HJ-ED-DHJ

August 13, 2007

Local camp offers fun for the developmentally disabled

By Kristen Miller
Staff Writer

John Warner of Cokato gets a bit emotional when he talks about the positive experiences possible for both the staff and the developmentally disabled campers at Camp Friendship in Annandale.

“Lives are changed by working here,” Warner said during a tour of the 114-acre camp on Clearwater Lake last week.

Camp Friendship is a part of Friendship Ventures and is one of three of the camps across Minnesota offering recreational activities and respite care for developmentally disabled individuals.

The camp gives people with disabilities the opportunity to make friends and take risks in a safe and structured environment, according to Warner.

“Most importantly, it’s a place for people with disabilities to go and take part in things they can’t do at home,” Warner said.

Warner is a development specialist at Friendship Ventures and works with fundraising for this non-profit organization.

His experience working with the developmentally disabled is extensive, having grown up with a developmentally disabled brother and having owned several care homes in Cokato. Due to health reasons, Warner sold his last home to AME in 2001. Once healthy again, Warner decided to go back to work in this same field in 2006.

Warner’s wife, Marlis, also works at Friendship Ventures as a health director. She previously worked at Cokato Manor as a director of nursing.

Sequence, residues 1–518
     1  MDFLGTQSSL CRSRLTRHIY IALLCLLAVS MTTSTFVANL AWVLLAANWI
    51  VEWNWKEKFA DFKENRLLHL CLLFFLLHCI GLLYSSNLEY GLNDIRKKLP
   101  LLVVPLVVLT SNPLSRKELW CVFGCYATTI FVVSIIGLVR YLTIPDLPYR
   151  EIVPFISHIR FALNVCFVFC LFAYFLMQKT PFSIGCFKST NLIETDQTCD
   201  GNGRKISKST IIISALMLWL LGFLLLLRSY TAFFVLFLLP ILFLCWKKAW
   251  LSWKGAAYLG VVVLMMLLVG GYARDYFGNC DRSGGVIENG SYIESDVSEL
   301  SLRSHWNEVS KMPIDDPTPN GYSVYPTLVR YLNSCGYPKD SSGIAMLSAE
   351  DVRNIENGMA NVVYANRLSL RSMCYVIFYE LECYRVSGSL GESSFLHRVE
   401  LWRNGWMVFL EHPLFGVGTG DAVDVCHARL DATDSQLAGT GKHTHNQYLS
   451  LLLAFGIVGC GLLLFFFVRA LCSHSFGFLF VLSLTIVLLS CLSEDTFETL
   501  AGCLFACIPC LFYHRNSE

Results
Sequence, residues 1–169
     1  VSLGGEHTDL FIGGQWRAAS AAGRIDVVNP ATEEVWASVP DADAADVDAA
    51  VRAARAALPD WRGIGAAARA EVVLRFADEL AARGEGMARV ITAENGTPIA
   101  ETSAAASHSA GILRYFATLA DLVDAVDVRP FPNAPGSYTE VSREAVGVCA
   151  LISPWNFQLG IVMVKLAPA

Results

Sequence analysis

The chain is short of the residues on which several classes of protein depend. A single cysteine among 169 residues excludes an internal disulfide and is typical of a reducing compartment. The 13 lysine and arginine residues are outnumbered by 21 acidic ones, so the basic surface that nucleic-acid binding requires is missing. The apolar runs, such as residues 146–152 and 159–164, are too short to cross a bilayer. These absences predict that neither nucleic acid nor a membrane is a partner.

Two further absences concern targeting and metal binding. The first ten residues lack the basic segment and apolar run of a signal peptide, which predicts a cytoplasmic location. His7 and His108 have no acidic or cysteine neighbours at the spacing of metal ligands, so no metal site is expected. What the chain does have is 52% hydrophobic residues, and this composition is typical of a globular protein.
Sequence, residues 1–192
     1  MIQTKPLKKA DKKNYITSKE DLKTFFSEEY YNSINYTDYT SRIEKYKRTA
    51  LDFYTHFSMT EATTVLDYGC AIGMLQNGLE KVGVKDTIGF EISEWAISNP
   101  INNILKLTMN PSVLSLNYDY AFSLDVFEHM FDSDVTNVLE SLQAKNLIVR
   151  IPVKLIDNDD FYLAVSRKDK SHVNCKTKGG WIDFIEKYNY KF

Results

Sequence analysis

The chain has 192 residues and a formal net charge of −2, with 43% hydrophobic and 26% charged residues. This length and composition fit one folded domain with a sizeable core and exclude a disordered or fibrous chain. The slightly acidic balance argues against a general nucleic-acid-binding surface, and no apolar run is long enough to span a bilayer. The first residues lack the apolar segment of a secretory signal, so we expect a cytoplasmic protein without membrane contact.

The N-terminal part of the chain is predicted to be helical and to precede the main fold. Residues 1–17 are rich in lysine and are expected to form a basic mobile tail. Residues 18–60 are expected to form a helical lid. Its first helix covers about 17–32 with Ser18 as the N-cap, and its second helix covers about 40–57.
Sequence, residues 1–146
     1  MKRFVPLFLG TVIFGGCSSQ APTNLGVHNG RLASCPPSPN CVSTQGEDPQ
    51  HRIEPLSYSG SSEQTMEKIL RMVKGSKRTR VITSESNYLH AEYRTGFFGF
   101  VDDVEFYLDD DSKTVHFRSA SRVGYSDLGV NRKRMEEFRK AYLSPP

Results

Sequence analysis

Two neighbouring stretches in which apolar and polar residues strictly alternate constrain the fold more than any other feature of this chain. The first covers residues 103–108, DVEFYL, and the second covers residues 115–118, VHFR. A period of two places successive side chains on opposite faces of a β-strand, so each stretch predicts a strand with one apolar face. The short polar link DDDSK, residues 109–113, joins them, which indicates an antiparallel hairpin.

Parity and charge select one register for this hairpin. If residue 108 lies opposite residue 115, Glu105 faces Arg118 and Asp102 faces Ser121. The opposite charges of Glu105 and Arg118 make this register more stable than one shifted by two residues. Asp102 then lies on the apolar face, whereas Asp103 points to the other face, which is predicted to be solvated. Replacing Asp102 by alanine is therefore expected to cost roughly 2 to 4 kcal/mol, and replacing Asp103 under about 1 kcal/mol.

The camp employs just under 150 staff, which includes counselors, activity specialists, and 26 volunteers.

Staff and volunteers come from all over the world including Russia, Germany, Canada, and Mexico.

A church group from Nebraska has come every summer for the past six years, Warner said.

Volunteers can start as young as 14; paid staff must be at least 16.

Campers stay from Sunday through Friday. Respite care is also available through the weekend with the option of continued care.

While there, campers partake in recreational activities including swimming, arts and crafts, boating, hiking, and other traditional camp activities.

Activities are meant to teach them self worth, Warner said.

It’s a very structured routine, Warner said. Breakfast is at 8 a.m. and then, the campers have three activity hours before lunch and rest hour. Then, there are three activity hours in the afternoon before dinner. Usually after supper, the camp gets together for a group activity.

For example, every Thursday night, the camp has a dance for the campers, and Warner’s brother, Bob, provides the music with his piano and accordion.

Friday afternoons, before the campers check out, a talent show is performed.

“People absolutely love that,” Warner said.

Campers are of all disabilities, physical and mental. Ages of the campers are as young as 5 years old to the oldest camper, Albert, who is 90 and has been coming ever since the camp opened in 1969.

Friendship Ventures does just that – allows people with disabilities to meet others like them and make life-long friends.

On average, the camp has 100 to 130 campers, and 16 cabins. This is the largest of the three sites that make up Friendship Ventures. The other sites include Eden Wood Center in Eden Prairie, and Camp New Hope on Glacier Lake near McGregor.

Recently, Cokato Dassel Rotarian Jim Loe invited Warner to speak to the Rotary Club.

“I was happy to hear of the Warners working at Friendship Ventures. I know that’s where John’s heart is,” Loe said.

With Warner speaking at service clubs around the area, Loe was interested in having him speak to Rotary. Loe is working with Rotary to consider donation opportunities for the camp.

For more information about Friendship Ventures, check out the web site at www.friendshipventures.org or call (800) 450-8376.


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